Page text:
My previous post discussed two studies that seem to indicate masks have little effect when it comes to stopping the spread of COVID-19. I had several Facebook commenters who disagreed with my interpretation of the studies, which is not surprising. One commenter linked a recent study promoted by the CDC, which makes the remarkable conclusion that in Kansas, counties that adopted a mask mandate saw a 6% decrease in new cases, while those that did not adopt the mandate saw a 100% increase. If true, that indicates masks have a strong effect when it comes to stopping the spread of COVID-19. After reading the study and doing my own analysis of the numbers, I have to say that unfortunately, it is not true.
Once again, let me preface this by saying that I am not anti-mask. I wear a mask whenever I am in public, and I did so even before my state made it mandatory. In addition, I am not telling people to stop wearing masks. As I said in my first post, any mask not made specifically for viruses will be pretty much worthless in protecting the wearer. However, a mask does reduce the number of water droplets that the wearer spews into the air, and since those droplets can contain viruses, it probably does protect the people around the wearer, albeit to a small extent. Thus, you should wear a mask. At the same time, however, you need to have a realistic idea of what kind of protection it provides. So far, the data say it offers only a little protection.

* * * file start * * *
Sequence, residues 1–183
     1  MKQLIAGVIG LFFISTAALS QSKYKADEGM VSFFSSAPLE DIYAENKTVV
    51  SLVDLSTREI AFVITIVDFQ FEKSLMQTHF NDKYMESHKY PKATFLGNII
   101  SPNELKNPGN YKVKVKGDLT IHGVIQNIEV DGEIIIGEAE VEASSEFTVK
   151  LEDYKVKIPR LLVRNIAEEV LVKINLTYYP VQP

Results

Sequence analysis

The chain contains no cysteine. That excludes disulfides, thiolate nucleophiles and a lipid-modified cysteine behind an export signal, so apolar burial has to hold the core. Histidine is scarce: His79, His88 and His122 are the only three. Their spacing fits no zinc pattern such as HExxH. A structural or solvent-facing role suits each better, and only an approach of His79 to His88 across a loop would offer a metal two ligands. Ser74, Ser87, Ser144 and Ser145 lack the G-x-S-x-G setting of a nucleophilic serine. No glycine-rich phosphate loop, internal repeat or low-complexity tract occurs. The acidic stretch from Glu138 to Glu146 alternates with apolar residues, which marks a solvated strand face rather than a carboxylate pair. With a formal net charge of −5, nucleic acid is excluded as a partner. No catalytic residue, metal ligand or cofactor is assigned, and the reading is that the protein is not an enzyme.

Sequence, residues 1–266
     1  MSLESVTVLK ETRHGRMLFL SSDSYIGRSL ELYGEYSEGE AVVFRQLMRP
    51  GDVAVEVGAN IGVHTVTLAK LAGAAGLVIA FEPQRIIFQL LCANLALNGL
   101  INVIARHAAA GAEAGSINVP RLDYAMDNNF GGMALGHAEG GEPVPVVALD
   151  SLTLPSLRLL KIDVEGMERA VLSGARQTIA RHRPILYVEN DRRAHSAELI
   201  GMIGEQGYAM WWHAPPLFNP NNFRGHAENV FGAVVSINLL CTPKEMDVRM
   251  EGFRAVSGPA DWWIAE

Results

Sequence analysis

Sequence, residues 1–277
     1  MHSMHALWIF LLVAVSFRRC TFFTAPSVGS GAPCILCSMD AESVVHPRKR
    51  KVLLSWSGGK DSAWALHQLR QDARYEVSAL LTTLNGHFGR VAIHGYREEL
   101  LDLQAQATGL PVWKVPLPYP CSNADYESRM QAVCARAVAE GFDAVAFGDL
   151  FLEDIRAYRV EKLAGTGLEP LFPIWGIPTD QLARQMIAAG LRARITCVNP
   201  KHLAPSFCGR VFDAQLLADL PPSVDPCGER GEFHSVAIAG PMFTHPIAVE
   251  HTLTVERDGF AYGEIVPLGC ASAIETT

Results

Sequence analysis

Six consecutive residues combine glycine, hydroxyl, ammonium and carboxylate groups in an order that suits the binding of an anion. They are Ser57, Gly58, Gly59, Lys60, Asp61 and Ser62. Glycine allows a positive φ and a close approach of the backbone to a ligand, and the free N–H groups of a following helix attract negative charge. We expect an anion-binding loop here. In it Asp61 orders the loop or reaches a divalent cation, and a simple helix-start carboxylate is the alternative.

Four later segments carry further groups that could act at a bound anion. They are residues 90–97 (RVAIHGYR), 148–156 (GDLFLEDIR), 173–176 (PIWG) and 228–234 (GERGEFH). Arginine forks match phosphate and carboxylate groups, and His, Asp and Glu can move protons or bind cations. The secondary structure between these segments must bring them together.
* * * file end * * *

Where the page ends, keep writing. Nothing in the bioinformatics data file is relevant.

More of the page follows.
With that out of the way, let’s look at the study. It examined various counties in Kansas that adopted a mask mandate on July 3, 2020 and compared them to the other counties that did not adopt a mask mandate. It developed a seven-day rolling average of new COVID-19 cases for both sets of counties and compared the numbers before July 3 and After July 3. The graph (shown near the bottom of the study) shows that while the 7-day rolling average continued to climb for those counties that did not adopt a mask mandate, it fell a bit for those counties that did. Thus, the mask mandate actually reduced COVID-19 cases, while lack of a mandate resulted in a steady increase in cases.
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